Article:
“An international team of astrophysicists from South Africa, the UK, France and the US have found large variations in the brightness of light seen from around one of the closest black holes in our Galaxy, 9,600 light-years from Earth, which they conclude is caused by a huge warp in its accretion disc.
This object, MAXI J1820+070, erupted as a new X-ray transient in March 2018 and was discovered by a Japanese X-ray telescope onboard the International Space Station. These transients, systems that exhibit violent outbursts, are binary stars, consisting of a low-mass star, similar to our Sun and a much more compact object, which can be a white dwarf, neutron star or black hole. In this case, MAXI J1820+070 contains a black hole that is at least 8 times the mass of our Sun.
The first findings have now been accepted for publication in the international highly ranked journal, Monthly Notices of the Royal Astronomical Society, whose lead author is Dr Jessymol Thomas, a Postdoctoral Research Fellow at the South African Astronomical Observatory (SAAO).
The discovery presented in the paper was made from an extensive and detailed light-curve obtained over almost a year by dedicated amateurs around the globe who are part of the AAVSO (American Association of Variable Star Observers). MAXI J1820+070 is one of the three brightest X-ray transients ever observed, a consequence of both its proximity to Earth and being outside of the obscuring plane of our Milky Way Galaxy. Because it remained bright for many months, this made it possible to be followed by so many amateurs.
Professor Phil Charles, researcher at the University of Southampton and member of the research team explained, “material from the normal star is pulled by the compact object into its surrounding accretion disc of spiralling gas. Massive outbursts occur when the material in the disc becomes hot and unstable, accretes onto the black hole and releases copious amounts of energy before traversing the event horizon. This process is chaotic and highly variable, varying on timescales from milliseconds to months.”
The research team have produced a visualisation of the system, showing how a huge X-ray output emanates from very close to the black hole, and then irradiates the surrounding matter, especially the accretion disc, heating it up to a temperature of around 10,000K, which is seen as the visual light emitted. That is why, as the X-ray outburst declines, so does the optical light.
But something unexpected happened almost 3 months after the outburst began when the optical light curve started a huge modulation – a bit like turning a dimmer switch up and down and almost doubling in brightness at its peak - on a period of about 17 hours. Yet there was no change whatsoever in the X-ray output, which remained steady. While small, quasi-periodic visible modulations had been seen in the past during other X-ray transient outbursts, nothing on this scale had ever been seen before.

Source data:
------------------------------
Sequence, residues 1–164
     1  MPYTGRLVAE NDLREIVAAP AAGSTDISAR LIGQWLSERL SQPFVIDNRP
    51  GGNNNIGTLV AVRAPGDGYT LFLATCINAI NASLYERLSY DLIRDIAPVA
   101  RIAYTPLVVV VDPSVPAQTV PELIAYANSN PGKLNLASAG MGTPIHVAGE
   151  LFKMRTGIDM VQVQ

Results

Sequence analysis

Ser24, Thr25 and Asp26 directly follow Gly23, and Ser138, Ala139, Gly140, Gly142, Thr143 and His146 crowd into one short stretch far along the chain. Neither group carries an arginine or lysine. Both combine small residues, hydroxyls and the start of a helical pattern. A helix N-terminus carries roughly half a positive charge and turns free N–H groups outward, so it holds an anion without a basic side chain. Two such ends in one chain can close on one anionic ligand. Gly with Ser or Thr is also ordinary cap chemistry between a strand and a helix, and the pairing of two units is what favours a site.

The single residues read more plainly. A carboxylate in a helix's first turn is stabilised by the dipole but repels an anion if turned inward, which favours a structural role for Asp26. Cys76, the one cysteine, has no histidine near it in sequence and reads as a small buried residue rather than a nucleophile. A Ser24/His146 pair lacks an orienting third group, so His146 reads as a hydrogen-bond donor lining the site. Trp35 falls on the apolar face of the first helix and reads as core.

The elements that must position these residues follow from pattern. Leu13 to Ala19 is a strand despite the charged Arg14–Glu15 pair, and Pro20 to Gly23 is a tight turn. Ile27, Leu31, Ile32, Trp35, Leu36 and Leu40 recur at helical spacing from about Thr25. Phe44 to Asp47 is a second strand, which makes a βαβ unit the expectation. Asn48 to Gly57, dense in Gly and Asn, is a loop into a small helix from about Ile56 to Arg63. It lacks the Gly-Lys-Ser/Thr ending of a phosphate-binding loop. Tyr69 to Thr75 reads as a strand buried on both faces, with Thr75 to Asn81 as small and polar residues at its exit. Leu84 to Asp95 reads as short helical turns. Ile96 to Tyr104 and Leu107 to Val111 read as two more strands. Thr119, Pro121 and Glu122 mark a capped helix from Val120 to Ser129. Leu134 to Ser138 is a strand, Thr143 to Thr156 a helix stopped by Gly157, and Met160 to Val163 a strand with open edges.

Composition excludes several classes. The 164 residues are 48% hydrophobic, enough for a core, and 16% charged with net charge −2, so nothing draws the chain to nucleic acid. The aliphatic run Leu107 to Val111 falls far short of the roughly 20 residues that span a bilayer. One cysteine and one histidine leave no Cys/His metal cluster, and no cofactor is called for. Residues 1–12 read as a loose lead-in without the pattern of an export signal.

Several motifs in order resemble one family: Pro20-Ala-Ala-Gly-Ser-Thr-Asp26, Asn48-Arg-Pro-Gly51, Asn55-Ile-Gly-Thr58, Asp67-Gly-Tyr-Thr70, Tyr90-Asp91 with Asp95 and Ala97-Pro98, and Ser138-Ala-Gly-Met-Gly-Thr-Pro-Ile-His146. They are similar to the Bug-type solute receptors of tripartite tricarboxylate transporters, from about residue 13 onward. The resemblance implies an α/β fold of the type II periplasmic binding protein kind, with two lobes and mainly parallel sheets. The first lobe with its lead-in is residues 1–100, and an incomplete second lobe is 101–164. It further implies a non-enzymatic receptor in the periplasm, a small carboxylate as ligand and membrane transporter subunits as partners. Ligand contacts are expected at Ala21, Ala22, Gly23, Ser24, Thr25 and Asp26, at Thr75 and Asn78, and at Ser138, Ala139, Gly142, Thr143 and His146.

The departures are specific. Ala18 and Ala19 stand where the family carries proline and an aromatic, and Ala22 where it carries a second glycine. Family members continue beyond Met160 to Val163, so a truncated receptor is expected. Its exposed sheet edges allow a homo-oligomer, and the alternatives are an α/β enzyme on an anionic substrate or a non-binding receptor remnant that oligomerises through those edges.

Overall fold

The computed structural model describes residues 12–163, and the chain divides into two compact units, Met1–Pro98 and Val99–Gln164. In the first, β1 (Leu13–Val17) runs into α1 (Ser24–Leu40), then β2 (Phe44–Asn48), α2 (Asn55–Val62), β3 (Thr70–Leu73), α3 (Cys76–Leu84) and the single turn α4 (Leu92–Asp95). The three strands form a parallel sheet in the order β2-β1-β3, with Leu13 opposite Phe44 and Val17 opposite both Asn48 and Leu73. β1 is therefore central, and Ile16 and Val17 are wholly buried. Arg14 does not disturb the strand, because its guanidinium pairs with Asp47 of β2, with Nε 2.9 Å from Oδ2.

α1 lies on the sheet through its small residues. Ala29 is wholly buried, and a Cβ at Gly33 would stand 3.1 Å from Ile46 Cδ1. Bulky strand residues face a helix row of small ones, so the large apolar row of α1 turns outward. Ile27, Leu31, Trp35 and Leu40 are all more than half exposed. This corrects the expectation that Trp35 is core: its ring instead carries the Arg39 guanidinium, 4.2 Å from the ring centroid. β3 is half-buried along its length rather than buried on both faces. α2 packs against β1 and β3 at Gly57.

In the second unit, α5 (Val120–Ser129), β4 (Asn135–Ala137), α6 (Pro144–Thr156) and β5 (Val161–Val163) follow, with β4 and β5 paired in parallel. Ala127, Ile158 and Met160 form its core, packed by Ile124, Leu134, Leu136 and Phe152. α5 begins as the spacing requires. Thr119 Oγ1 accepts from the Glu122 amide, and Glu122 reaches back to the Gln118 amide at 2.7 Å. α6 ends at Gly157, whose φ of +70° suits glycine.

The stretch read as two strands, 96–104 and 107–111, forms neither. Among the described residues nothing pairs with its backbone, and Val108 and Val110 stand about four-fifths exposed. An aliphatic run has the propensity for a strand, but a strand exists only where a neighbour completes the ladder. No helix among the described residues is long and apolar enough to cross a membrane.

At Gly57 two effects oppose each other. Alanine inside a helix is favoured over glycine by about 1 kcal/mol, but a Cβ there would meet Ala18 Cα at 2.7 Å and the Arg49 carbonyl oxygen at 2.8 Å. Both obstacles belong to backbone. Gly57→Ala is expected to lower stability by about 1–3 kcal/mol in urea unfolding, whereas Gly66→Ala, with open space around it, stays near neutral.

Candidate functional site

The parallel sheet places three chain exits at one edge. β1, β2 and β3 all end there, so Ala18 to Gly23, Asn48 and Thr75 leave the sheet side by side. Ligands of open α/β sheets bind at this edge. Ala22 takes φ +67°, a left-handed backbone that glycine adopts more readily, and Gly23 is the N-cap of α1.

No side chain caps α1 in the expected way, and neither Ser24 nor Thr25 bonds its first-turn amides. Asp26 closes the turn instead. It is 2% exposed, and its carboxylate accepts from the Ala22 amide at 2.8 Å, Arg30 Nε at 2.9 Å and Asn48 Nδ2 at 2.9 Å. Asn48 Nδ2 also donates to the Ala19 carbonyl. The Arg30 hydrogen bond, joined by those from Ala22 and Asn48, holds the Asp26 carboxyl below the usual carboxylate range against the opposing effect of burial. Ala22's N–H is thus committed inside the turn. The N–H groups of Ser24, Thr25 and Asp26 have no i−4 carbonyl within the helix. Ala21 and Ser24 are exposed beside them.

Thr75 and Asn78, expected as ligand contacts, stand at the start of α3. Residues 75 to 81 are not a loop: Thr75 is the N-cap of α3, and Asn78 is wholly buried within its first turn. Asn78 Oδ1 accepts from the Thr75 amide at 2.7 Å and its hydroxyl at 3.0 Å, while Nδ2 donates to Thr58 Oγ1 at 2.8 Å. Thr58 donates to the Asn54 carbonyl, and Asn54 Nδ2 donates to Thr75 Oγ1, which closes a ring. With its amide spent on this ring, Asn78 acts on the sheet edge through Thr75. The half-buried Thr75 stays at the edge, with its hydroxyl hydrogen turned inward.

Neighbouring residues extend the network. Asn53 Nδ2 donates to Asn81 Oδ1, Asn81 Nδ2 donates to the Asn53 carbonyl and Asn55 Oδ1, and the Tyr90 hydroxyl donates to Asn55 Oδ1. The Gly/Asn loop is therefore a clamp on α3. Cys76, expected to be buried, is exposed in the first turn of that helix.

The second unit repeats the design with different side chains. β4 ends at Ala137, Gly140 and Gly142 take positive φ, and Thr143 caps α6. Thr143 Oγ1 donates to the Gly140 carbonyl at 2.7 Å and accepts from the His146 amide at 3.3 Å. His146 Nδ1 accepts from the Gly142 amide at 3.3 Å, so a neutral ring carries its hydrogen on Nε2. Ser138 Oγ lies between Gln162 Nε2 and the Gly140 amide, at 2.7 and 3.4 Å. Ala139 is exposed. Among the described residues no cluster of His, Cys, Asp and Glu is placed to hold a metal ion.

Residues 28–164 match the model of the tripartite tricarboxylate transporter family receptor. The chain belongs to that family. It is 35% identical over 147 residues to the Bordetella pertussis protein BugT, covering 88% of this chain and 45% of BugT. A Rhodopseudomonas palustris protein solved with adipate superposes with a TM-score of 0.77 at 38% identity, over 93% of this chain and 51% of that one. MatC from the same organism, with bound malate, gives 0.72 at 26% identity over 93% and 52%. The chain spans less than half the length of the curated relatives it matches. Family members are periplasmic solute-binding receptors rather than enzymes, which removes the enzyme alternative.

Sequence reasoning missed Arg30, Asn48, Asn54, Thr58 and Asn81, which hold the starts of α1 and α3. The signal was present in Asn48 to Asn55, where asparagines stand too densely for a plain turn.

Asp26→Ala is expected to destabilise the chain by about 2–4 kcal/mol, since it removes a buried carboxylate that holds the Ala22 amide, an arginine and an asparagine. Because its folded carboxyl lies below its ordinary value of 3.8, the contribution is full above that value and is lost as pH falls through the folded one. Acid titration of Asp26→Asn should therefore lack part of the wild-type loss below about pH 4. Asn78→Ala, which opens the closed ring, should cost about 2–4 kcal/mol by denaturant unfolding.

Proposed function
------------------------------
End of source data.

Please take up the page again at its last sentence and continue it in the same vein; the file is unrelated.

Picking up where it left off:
What was causing this extraordinary behaviour? “With the angle of view of the system as shown in the pictorial, we could quite quickly rule out the usual explanation that the X-rays were illuminating the inner face of the donor star because the brightening was occurring at the wrong time”, said Prof. Charles. Nor could it be due to varying light from where the mass transfer stream hits the disc as the modulation gradually moved relative to the orbit.
This left only one possible explanation, the huge X-ray flux was irradiating the disc and causing it to warp, as shown in the picture. The warp provides a huge increase in the area of the disc that could be illuminated, thereby making the visual light output increase dramatically when viewed at the right time. Such behaviour had been seen in X-ray binaries with more massive donors, but never in a black-hole transient with a low mass donor like this. It opens a completely new avenue for studying the structure and properties of warped accretion discs.
Prof Charles continued, “This object has remarkable properties amongst an already interesting group of objects that have much to teach us about the end-points of stellar evolution and the formation of compact objects. We already know of a couple of dozen black hole binary systems in our Galaxy, which all have masses in the 5 – 15 solar mass range. They all grow by the accretion of matter that we have witnessed so spectacularly here.”
Starting some 5 years ago, a major science programme on the Southern African Large Telescope (SALT) to study transient objects has made a number of important observations of compact binaries, including black hole systems like MAXI J1820+070. As the Principal Investigator for this programme, Prof. Buckley, states “SALT is a perfect tool to study the changing behaviour of these X-ray binaries during their outbursts, which it can monitor regularly over periods of weeks to months and can be coordinated with observations from other telescopes, including space-based ones.””